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LEGAL VIEW

State Constitution Is Also Provider of Personal Rights

April 15, 1993|JEFFREY S. KLEIN and LOUIS M. BROWN | Klein is an attorney and president of The Times Valley and Ventura County editions. Brown is professor of law emeritus at USC and chairman of the board for the National Center for Preventive Law

You'll often hear commentators, lawyers or journalists talking about protecting your constitutional rights. But what are your constitutional rights, anyway?

Most people understand that the U.S. Constitution is at the core of the rights we enjoy in this country. Many of the fundamental rights--free speech, freedom of religion, the right to bear arms--arise from the first 10 amendments to the Constitution, the Bill of Rights.

But what some people forget is that one's constitutional rights do not arise only from the U.S. Constitution. Each state has its own constitution and, especially in recent years, a new body of law has emerged based on states' constitutions.

The California Supreme Court has often interpreted the state Constitution to provide broader protection for personal rights than the Bill of Rights.

Let's compare one well-known provision of the federal document, the First Amendment, to its counterpart in California's Constitution.

The First Amendment reads: "Congress shall make no law respecting an establishment of religion, or prohibiting the free exercise thereof; or abridging the freedom of speech, or of the press, or the rights of the people peaceably to assemble, and to petition the Government for redress of grievances."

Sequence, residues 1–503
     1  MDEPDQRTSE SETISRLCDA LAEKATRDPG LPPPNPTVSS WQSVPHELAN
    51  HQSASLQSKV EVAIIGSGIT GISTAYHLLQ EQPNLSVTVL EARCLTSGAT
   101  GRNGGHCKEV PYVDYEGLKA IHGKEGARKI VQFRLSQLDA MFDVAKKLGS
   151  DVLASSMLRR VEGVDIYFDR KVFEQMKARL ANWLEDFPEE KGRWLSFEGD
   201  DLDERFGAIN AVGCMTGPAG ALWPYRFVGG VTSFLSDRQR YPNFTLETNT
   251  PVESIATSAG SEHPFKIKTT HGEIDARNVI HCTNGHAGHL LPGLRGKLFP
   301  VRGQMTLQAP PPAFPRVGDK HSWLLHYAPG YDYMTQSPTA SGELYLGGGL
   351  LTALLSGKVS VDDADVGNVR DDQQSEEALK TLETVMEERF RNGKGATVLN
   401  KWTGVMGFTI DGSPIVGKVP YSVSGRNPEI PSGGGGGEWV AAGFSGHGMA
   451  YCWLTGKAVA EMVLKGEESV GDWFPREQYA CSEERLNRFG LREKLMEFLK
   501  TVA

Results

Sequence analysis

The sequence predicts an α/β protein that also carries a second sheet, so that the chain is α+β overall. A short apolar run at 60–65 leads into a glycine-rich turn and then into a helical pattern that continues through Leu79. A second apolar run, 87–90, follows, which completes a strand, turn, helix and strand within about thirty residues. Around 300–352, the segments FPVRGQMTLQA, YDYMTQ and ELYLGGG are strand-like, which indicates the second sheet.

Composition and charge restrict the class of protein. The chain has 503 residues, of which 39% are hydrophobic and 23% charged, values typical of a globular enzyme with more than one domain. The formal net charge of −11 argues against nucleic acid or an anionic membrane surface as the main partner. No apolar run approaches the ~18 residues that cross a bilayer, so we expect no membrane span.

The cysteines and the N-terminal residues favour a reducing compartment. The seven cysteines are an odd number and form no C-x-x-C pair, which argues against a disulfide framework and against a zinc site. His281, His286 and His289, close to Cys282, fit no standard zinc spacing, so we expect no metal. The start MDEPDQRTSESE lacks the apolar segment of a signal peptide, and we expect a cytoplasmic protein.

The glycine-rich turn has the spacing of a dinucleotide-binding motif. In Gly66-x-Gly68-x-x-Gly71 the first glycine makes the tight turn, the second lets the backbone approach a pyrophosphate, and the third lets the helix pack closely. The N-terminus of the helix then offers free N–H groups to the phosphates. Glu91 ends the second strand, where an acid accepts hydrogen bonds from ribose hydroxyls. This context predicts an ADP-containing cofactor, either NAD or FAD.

In California's Constitution, you have to look in many places to find those same rights, but they are there.

Section One provides that "all people are by nature free and independent and have inalienable rights. Among these are enjoying and defending life and liberty, acquiring, possessing, and protecting private property and pursuing and obtaining safety, happiness and privacy."

This statement covers more territory than the language of the First Amendment. And California court cases have interpreted it more broadly than some federal decisions. For example, the right to privacy has been explicitly incorporated into the California Constitution, but it is not specifically mentioned in the U.S. Constitution.

On freedom of speech and the press, the state Constitution provides: "Every person may freely speak, write and publish his or her sentiments on all subjects being responsible for the abuse of this right. A law may not restrain or abridge liberty of speech or press." Also, there is a specific provision protecting news reporters who refuse to disclose the sources of their information.

On religious freedom, the state Constitution says: "Free exercise of enjoyment of religion without discrimination or preference is guaranteed. This liberty of conscience does not excuse acts that are licentious or inconsistent with the peace or safety of the state. The legislature shall make no law respecting an establishment of religion."

This point of today's lesson in constitutional law is that there are two very important sources of our rights and freedoms: One is found in Washington and the other here in California.

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